Lead scoring isn’t really a numbers game. Sure, there are points assigned to a lead based on multiple criteria, but lead scores are used to determine sales-readiness by quantifying activity that's driven by quality information. And that information comes from two places: the lead and your sales/marketing team.
In fact, the historical website activity data and good old-fashioned sales qualifying questions can provide all the information you need to begin scoring leads—and automating communication based on those scores. But not all information is scored equally. Here are three primary types of criteria that should be established in order to properly qualify leads and how each influences the actual scoring:
Scoring based on engagement seems pretty simple on the surface. Criteria that fall under this category usually includes interactions like number of pageviews, website visits, social media mentions and emails opened or clicked.
Engagement, however, can provide more false positives than other type of criteria. You can prevent this by taking the average number of interactions for specific criteria (or the median if the numbers are excessively out of proportion) and making that number your top point score. Then work backward, grouping the number of interactions based on obvious patterns in criteria for various points.
Scoring based on behavior goes beyond broad-based engagement and really starts to investigate specific interactions, or combination of interactions, that determine a lead’s level of interest.
For example, if we know a user visits or uses an ROI calculator on your website or downloads a specific pricing sheet as they are moving closer to sales-readiness, then you can give an appropriate score for that specific interaction. Behavior-based scoring involves looking at the historical trends for leads who moved to sales qualified, opportunity or customer stages in the lifecycle and finding patterns in their paths. The benefit of scoring on these interactions, rather than just engagement, is that it weeds out the tire-kickers and is less likely to allow someone’s score to be disproportionate to his actual interest.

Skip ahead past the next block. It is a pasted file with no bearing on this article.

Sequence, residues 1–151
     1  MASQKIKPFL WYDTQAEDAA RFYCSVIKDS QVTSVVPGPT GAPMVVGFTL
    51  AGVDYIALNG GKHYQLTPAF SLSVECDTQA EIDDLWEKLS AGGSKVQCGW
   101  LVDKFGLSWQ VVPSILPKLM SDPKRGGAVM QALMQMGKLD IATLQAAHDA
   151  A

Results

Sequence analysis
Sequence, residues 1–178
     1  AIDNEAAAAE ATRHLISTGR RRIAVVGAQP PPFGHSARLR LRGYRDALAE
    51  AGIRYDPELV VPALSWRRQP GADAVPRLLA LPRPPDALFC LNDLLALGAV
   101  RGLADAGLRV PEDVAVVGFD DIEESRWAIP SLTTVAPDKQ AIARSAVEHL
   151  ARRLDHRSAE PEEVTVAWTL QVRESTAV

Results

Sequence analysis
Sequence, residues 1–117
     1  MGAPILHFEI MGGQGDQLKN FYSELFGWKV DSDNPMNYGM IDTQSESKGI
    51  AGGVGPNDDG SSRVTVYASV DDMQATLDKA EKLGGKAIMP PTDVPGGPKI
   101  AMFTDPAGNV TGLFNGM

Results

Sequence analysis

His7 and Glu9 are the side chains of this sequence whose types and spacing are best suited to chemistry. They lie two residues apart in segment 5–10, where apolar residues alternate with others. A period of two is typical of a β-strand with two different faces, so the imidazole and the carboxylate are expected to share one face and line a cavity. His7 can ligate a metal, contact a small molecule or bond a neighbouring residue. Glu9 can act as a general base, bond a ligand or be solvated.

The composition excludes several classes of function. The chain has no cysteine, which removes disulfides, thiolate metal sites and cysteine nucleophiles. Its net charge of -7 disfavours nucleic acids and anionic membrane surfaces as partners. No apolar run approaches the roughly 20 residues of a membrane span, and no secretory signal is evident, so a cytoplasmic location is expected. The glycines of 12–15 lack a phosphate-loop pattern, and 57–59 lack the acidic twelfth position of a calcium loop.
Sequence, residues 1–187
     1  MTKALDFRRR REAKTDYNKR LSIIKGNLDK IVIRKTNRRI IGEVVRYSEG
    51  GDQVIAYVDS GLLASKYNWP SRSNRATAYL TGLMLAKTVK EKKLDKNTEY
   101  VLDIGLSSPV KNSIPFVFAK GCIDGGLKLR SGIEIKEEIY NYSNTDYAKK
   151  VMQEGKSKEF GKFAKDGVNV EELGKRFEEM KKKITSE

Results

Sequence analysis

Scoring based on persona is the most valuable type of scoring you can do. Beyond a lead’s actions, the information a lead provides about him/herself can make a marketing automation system do much of the time-consuming qualifying before a lead even hits a salesperson’s queue.
For example, if you’re selling solar panels to homeowners, you might know one of your most likely candidates has a certain income-level, can utilize a state or local tax credit, or is more likely to be married than single. By scoring based on these specific qualifiers, you can quickly determine if the lead is the right match for you.
But don’t forget about disqualifying people. If you know someone’s electric bill needs to be a certain level in order to benefit from your solar panels, you can negatively score someone who comes in way under the number you’re looking for.
For B2B sales, you might know a decision-maker commonly has a certain title (or simply ask if the lead is the decision-maker). You can score a person with director or president in his or her title higher than someone at the management level or below—or even negatively score an associate level employee.
Once your lead scoring is in place, you can do a number of things using a marketing automation platform, including:
Of course, there are many other ways you can use lead scoring, but the primary goal is simple: how your sales team determines a lead’s sales-readiness. Whether you go strictly with a lead score or add an at-a-glance layer (like lead grade) on top of the score, your efforts will help sales focus their efforts on leads who are further along in the buying cycle.
Are you using lead scoring? What criteria do you use to score leads? Let us know in the comments below.
photo credit: MudflapDC
Dan Stasiewski is an Enterprise Data Consultant at Kuno. When he's not talking about marketing data and trends, he's probably in a movie theater... or randomly breaking into song. You can connect with Dan via Twitter, LinkedIn or Google Plus.